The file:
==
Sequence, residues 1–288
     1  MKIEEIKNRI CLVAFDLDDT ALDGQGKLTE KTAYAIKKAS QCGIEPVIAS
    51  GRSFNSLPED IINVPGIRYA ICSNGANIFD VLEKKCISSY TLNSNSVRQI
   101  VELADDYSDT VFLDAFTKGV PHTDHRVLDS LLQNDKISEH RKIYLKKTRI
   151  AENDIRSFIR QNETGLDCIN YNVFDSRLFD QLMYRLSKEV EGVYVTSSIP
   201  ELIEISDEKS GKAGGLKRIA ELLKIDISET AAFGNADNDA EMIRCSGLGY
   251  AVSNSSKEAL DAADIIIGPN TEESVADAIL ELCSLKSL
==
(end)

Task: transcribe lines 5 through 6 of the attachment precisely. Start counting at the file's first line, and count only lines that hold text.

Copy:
   151  AENDIRSFIR QNETGLDCIN YNVFDSRLFD QLMYRLSKEV EGVYVTSSIP
   201  ELIEISDEKS GKAGGLKRIA ELLKIDISET AAFGNADNDA EMIRCSGLGY